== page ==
Funny how expertise beats gadgetry all day long....

Were I limited to a 20 gauge only, and hunting upland stuff, I'd probably get the Winchester premium stuff in 7/8 oz, and split between 7 1/2s and 6s. Last time I sectioned one of these, it had nice hard shot.

I'd probably check out Remington's and Federal's offerings also, with Fiocchi and Estate to round out the selection.

Practically any load with the proper shot size will do the job at 15 yards. Once past 25 yards better loads do much better. As said, patterning is needed for you and your shotgun.

Sure, we can add some choke, but deformed pellets still don't have the same moxie as round ones.

I do little hunting these days, but my handloads of 7/8 oz with hard shot do the job. I use hard 7 1/2s for most birds, 6s for squirrels.

HTH....

sm
April 14, 2007, 02:34 PM
2 3/4 " shells are all I use with the exception of 2 1/2" for .410 and sometimes 3" in .410.

I shoot a lot of Fiocchi personally in 20 bore for clay and bird.

2 3/4" Fed or Rem slugs for serious use
2 3/4" Brenneke is a great load, if you can find them.
2 3/4 " 12 ga 9 pellet 00 buck , just the old standby I like. When I do 12 bore buckshot.
2 3/4" #3 buckshot, I rarely use buckshot, seems to me I have box of Rem someone tossed my way...

I personally do not see a need for anything longer than 2 3/4" ( except some .410 , rare for me)

Bismuth loadings for Waterfowl are great. I have no idea what I last used, these were reloads, and I just did worry about writing down the recipes.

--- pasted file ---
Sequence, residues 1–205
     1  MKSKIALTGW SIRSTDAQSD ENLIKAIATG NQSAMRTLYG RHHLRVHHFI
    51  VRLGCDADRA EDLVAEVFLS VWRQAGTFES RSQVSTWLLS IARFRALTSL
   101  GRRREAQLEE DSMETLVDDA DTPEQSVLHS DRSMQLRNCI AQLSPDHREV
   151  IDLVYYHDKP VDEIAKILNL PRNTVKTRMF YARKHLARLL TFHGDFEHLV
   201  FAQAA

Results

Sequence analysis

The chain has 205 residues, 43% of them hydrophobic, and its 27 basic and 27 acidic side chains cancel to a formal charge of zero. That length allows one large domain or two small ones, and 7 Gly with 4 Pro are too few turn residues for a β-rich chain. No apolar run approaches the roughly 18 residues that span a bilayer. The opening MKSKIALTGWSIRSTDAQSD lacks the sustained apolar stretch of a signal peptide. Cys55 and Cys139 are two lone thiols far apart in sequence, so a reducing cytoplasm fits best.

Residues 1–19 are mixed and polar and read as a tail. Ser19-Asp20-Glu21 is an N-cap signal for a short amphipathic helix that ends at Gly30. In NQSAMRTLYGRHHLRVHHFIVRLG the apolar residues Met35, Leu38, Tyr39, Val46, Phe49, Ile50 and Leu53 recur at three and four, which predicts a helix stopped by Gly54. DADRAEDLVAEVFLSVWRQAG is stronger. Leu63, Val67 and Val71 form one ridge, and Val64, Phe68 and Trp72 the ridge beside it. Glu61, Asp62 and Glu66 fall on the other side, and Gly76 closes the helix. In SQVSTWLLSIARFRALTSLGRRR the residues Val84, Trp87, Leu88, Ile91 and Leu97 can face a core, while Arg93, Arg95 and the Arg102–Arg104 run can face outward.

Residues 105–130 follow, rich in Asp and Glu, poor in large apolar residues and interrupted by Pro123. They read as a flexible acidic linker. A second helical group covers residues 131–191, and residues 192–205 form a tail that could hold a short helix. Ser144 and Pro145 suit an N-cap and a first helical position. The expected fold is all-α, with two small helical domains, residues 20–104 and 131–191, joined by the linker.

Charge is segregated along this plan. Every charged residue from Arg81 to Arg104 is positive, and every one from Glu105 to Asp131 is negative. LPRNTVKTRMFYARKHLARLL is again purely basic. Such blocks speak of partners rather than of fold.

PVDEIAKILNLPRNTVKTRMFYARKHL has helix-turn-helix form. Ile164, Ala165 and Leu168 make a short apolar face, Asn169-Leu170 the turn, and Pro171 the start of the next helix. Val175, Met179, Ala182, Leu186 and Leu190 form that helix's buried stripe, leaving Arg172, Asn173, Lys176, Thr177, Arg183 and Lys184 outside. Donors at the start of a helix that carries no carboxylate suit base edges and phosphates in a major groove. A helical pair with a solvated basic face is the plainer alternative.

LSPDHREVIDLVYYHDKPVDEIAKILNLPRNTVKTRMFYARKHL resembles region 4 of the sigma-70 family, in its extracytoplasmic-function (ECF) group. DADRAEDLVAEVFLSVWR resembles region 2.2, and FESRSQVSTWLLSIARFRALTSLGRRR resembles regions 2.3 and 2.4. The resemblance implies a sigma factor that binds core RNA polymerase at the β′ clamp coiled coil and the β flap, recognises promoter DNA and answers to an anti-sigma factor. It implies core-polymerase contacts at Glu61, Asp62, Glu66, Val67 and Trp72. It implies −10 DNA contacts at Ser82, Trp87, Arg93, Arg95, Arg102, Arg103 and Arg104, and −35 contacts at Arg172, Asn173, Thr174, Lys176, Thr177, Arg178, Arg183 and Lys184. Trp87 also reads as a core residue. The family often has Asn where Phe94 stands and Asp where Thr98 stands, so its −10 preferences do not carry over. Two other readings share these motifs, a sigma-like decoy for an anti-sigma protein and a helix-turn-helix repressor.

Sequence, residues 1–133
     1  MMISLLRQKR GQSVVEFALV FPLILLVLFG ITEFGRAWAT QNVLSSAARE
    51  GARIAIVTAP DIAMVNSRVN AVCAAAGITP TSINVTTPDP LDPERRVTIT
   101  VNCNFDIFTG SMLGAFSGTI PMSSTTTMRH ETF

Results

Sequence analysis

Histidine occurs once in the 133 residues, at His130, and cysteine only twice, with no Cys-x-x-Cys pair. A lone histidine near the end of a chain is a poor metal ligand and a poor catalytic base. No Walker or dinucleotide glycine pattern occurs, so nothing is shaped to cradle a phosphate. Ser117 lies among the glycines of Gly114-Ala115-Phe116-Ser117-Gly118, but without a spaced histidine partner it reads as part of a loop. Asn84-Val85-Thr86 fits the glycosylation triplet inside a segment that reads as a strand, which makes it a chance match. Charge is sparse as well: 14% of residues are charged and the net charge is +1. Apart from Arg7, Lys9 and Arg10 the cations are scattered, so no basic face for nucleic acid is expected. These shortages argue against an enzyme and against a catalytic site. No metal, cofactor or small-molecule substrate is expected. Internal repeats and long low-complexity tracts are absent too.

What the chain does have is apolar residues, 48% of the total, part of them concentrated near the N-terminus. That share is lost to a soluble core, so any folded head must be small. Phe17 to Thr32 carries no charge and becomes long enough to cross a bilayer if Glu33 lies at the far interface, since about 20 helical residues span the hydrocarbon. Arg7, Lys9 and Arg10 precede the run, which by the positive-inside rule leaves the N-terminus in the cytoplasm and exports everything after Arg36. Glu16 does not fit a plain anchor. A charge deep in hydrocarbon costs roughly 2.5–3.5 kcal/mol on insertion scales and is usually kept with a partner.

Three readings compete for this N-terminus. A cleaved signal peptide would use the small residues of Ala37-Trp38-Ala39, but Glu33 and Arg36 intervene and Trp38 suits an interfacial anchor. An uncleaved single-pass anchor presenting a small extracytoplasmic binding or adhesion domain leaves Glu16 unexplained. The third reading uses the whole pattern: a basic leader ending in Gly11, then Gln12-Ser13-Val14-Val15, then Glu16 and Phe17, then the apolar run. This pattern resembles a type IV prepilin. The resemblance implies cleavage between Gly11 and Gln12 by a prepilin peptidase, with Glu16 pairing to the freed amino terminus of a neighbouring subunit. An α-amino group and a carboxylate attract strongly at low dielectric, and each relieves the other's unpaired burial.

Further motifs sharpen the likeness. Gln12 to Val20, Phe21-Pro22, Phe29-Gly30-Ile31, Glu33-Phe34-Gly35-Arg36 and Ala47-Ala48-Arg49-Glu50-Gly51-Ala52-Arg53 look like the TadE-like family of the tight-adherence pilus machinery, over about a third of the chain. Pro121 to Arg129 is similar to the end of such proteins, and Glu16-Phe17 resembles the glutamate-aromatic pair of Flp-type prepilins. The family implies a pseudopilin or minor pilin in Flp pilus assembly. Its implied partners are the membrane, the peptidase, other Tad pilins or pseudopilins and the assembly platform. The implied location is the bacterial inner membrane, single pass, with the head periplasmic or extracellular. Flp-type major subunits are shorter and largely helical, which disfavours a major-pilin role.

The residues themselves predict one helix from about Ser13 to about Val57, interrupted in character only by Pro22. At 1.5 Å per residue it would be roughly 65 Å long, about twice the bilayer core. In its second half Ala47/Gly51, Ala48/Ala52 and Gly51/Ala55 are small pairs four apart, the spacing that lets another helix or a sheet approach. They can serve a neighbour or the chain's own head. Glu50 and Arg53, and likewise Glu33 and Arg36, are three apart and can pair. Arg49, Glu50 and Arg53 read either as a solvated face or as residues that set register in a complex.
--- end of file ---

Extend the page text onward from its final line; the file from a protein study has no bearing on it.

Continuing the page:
12 and 20 ga, and I was using a old Beretta 303 20 ga with a fixed IC barrel.

I honest to Betsy have no idea what some loads are I am shooting.
Five and Ten gallon buckets of loads with "skeet/bird" on a slip of paper and I just grab what need and shoot, with whatever gun I happen to be handed, or snag to use.

Folks think I am kidding, I really do don't care, and 99% of the time just show up without a gun or ammunition. I show up to assist, even out hunting...
Never was about me, never will be about me.

I picked up a 5 pack of Rem 20 bore #3 buckshot not long ago, simply because they were at this gas station and some elderly person I know said she needed to rotate her home load. These work in her 1100 skeet gun.

sm
April 14, 2007, 02:42 PM
Ya know...
Getting harder and harder to find a Street Rolling machine guy to let you run out in front of him with 25# bags of Lawrence Chilled shot and get them to run over the bags...
"You want me to back over them too?"

:D

Tip: get some old heavy canvas bank bags, or use heavy canvas tarp to put these bags of shot in first.

Tip 2: run to the house getting new sod down the street, bring sodas, and let the sod guys take a break while you borrow that "sod flatter outer" [mini-steamroller dealie] and "mow" them pellets flat.

BTDT and got flat shot.

Had to, source for cubed pellets was no more...;)

USMC - Retired
April 14, 2007, 02:43 PM
Dave,